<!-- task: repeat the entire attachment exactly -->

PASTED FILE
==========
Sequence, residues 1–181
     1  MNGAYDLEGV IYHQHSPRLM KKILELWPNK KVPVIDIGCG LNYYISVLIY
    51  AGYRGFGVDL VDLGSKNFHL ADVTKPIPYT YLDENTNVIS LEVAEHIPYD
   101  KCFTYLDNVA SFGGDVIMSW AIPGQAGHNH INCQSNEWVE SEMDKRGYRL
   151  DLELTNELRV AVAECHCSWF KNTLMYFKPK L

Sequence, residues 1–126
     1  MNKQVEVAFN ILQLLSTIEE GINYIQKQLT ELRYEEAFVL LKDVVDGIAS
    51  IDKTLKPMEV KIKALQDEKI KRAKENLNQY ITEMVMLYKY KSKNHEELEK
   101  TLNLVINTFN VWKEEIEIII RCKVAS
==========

Sequence, residues 1–181
     1  MNGAYDLEGV IYHQHSPRLM KKILELWPNK KVPVIDIGCG LNYYISVLIY
    51  AGYRGFGVDL VDLGSKNFHL ADVTKPIPYT YLDENTNVIS LEVAEHIPYD
   101  KCFTYLDNVA SFGGDVIMSW AIPGQAGHNH INCQSNEWVE SEMDKRGYRL
   151  DLELTNELRV AVAECHCSWF KNTLMYFKPK L

Sequence, residues 1–126
     1  MNKQVEVAFN ILQLLSTIEE GINYIQKQLT ELRYEEAFVL LKDVVDGIAS
    51  IDKTLKPMEV KIKALQDEKI KRAKENLNQY ITEMVMLYKY KSKNHEELEK
   101  TLNLVINTFN VWKEEIEIII RCKVAS